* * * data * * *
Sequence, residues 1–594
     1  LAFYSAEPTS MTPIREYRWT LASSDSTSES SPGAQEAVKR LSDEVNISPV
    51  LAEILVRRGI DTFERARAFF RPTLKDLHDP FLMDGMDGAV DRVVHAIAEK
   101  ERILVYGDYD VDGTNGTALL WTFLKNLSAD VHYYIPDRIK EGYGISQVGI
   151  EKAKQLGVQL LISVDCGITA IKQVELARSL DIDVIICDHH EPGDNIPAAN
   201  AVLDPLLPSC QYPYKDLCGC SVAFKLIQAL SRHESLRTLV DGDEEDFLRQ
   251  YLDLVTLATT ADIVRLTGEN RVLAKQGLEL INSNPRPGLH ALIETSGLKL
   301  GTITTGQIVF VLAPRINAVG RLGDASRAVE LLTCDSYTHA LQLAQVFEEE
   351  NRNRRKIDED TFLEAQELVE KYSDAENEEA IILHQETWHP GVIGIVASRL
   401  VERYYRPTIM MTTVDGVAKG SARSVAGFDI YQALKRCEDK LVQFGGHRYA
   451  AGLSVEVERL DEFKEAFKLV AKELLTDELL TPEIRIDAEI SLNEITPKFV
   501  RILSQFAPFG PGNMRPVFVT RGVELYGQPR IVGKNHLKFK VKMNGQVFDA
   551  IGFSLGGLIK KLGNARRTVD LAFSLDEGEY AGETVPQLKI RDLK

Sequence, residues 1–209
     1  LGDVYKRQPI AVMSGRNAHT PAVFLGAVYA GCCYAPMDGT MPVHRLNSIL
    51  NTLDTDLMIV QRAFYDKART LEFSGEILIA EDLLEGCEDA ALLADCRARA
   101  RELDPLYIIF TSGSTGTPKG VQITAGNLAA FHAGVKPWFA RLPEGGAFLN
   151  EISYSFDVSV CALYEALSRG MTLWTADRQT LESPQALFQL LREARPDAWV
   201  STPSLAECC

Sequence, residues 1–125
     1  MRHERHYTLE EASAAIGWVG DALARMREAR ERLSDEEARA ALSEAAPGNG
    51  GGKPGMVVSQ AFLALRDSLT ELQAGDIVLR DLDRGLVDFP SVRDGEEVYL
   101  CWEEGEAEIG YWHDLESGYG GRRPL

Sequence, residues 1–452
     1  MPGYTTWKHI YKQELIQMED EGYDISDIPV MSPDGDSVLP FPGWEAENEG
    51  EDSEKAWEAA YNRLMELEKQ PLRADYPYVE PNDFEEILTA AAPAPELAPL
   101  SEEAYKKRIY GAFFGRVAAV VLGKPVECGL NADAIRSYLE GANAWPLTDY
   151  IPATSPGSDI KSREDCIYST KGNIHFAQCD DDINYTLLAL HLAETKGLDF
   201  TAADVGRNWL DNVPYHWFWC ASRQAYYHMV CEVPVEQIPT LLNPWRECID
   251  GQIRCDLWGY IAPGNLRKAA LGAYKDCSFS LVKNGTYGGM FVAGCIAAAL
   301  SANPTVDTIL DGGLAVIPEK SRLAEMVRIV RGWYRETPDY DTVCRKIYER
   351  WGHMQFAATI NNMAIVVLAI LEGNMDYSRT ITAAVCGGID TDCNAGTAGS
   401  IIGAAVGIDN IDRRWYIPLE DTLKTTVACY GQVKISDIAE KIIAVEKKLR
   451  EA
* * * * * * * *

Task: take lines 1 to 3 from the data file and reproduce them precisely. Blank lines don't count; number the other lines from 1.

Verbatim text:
Sequence, residues 1–594
     1  LAFYSAEPTS MTPIREYRWT LASSDSTSES SPGAQEAVKR LSDEVNISPV
    51  LAEILVRRGI DTFERARAFF RPTLKDLHDP FLMDGMDGAV DRVVHAIAEK